In Opposition to "Privilege"

In social justice theory, one big focus point (for UCLA's Office of Residential Life, at any rate), is the concept of privilege. The basic idea is that there are "privileged" and "non-privileged" racial/gendered/sexual orientation/ability/etc. groups, with the former holding social power over the latter. The "privileged" group is almost always the one with a social majority (I actually can't think of any cases where this isn't true, but I don't want to make an absolute statement). When this power is exerted (especially with the aim of maintaining the power gap), you get oppression. An easy example is the Prop 8 campaign in California - the privileged, heterosexual majority imposed their will, oppressing the homosexual minority, taking away their right to marriage.

Now, privilege clearly exists. There's the example above, and countless others - like how I can walk alone at night with relative safety, while my female friends don't always enjoy the same luxury, simply because they were born female. Or how a white person is, for the most part, immune to racial profiling by police (many of whom are also white). Denying the existence of this phenomenon, and the problems it can lead to, is naïve at best; oppressive at worst.

That said, I've never been able to sit through a talk about privilege without becoming increasingly frustrated at the presenters. Because while privilege clearly exists, the way the concept is applied is shaky at best.

A presenter could start by saying how I have inherent privileges for being a straight, white, able-bodied* male. And I would agree wholeheartedly. Then they could say how I have inherent privileges because of my age. And I would counter that people older than me ALSO have inherent privileges (don't suffer from "youthism"). And the presenter would concede that both groups have certain privileges that the other does not, and that as we grow older, we essentially "trade" our old ones for new ones. And I would agree.

But this is about as far as we would get before I would start to get annoyed. Because the next thing to point out is my college education. They would then point to the fact that I live by myself in good-sized one-bedroom/one-bathroom apartment in West Los Angeles. They would mention my car. They would point to the obvious luxury goods I have in my apartment (Xbox, nice TV, nice laptop).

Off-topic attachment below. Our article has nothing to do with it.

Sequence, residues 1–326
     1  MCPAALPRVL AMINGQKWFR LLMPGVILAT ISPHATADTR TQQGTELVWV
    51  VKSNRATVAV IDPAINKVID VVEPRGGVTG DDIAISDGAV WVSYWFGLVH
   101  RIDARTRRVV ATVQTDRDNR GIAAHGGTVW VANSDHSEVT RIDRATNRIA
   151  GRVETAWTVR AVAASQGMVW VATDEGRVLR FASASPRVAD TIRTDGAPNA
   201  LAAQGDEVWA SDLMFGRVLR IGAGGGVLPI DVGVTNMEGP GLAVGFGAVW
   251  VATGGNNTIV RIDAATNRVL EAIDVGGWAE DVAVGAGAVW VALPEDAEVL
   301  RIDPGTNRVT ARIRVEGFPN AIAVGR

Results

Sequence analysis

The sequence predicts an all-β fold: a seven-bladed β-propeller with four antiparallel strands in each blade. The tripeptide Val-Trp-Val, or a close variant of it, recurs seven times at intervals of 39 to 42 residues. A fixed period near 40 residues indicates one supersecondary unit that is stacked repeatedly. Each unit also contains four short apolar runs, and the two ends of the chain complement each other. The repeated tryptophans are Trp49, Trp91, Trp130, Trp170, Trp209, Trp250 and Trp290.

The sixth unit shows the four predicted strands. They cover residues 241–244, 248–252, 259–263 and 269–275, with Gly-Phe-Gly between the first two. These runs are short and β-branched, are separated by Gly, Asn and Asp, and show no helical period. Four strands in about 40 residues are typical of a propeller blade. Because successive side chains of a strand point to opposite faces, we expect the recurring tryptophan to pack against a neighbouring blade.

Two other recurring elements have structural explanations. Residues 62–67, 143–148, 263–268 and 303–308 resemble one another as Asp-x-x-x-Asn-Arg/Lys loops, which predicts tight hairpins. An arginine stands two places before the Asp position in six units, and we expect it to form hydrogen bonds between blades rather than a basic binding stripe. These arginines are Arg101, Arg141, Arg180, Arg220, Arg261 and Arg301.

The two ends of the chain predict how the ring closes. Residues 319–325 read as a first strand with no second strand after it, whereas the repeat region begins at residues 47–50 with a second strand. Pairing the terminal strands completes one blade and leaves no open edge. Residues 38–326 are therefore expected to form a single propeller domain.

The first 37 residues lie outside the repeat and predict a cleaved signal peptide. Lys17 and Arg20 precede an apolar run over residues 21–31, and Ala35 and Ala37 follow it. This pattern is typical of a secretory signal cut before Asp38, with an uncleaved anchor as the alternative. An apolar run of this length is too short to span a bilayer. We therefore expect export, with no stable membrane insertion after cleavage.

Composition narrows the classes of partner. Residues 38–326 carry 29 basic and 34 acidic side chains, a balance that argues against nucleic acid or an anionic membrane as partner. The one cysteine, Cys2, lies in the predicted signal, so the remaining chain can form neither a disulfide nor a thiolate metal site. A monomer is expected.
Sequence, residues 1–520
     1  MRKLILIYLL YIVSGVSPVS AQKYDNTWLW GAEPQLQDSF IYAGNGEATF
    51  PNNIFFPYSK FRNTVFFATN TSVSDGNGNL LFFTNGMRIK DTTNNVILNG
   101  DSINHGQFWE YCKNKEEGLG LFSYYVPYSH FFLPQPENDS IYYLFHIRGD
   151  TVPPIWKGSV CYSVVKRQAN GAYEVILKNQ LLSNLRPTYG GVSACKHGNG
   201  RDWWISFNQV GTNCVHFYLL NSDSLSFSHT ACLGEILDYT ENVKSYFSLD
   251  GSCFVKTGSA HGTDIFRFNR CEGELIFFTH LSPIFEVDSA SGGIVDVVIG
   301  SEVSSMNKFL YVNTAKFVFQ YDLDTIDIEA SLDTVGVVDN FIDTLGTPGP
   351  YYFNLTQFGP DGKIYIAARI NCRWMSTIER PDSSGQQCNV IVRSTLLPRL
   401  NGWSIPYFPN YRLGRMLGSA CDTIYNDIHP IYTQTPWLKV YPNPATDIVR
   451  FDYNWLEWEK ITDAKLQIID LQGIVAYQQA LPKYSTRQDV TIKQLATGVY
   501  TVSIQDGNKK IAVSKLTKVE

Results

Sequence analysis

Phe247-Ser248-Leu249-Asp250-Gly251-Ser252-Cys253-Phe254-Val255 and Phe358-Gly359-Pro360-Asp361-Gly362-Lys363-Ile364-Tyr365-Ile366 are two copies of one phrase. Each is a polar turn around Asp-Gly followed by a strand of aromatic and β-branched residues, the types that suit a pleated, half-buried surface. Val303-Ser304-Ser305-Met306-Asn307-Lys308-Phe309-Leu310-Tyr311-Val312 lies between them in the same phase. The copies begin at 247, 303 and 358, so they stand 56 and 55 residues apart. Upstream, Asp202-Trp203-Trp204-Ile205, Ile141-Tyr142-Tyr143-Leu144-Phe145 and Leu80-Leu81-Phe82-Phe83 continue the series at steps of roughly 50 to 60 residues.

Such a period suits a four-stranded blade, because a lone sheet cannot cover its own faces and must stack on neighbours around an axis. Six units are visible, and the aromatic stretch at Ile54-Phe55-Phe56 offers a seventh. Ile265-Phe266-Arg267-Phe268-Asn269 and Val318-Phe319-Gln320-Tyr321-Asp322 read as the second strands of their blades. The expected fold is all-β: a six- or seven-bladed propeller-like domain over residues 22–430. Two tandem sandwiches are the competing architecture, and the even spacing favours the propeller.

And they would use all of this to "prove" just how "privileged" I am. And at this point, I would want to punch them in the face. Not because "the truth hurts", but because they are cleverly using double-meanings to devalue my accomplishments.

See, the word "privilege" is VERY carefully chosen - the word, on its own, means "a right or immunity granted as a peculiar benefit, advantage, or favor" (via the Merriam-Webster online dictionary). The important takeaway from this definition is that privileges are advantages that are granted to a person. And by carefully choosing to use this word, it allows people to basically devalue the accomplishments of other people.

I am not privileged to have attended UCLA - I EARNED that right through hard work. And lest anybody try to suggest that my high school's quality or something helped me get there, keep in mind that many of my classmates, attending the same high school, taking the same classes, living in the same city, with the same resources available to them, did NOT get into UCLA. My hometown demographic may have given me some help over other people, but I still had to EARN it.

And when I got there? I worked TWO jobs for my last three years there to help pay for it. I made SACRIFICES to be an RA and lower my cost. And I needed to, because my "privileged" background afforded me a whopping ZERO dollars in financial aid.

After graduating, I was offered the opportunity to work full-time at the place I had interned at for those 3 years. I got that offer because I WORKED HARD, and proved my importance to the company. And I know that I'm fortunate to have a good job, especially in this economy, but nothing was GIVEN to me - I EARNED this job, and I pay for my apartment, and all my luxury goods, entirely with money that I EARN.

Of course, my current status could be used to oppress people who lack these same advantages. And in that regard, it's still valid to discuss them - but we need to discuss them as "advantages", not as "privileges".

And we can include characteristics that are ACTUALLY granted (race, gender, sexual orientation, etc.) in the label of "advantages". So let's start doing that, and stop trying to be sneaky in undermining the hard work people put in to get to where they are.

*I'm not technically able-bodied - my eyesight is incredibly poor, and without the aid of corrective lenses, it would be much harder for me to function in society (without my contacts, I can't even use a computer normally - I need to lean in really close and squint. Hard to do my job that way!). But since I can very easily, with very few (and very mild) side effects, overcome this handicap, I generally consider myself able-bodied.

2 comments:

Aubrey said...

Well put.

Sadly, however, hard work means very little in a society where we can blame our shortcomings on a lack of these "privileges." For example, I couldn't imagine demanding admission to Harvard because my parents couldn't afford to spend thousands on classes to boost my SAT score, music lessons, athletics, etc. But you can certainly demand admission to a UC based on coming from a lower income neighborhood.

Nick said...

I think I did take away a lot from the ORL training, but boy am I glad I never have to sit through another one of those god-awful presentations.

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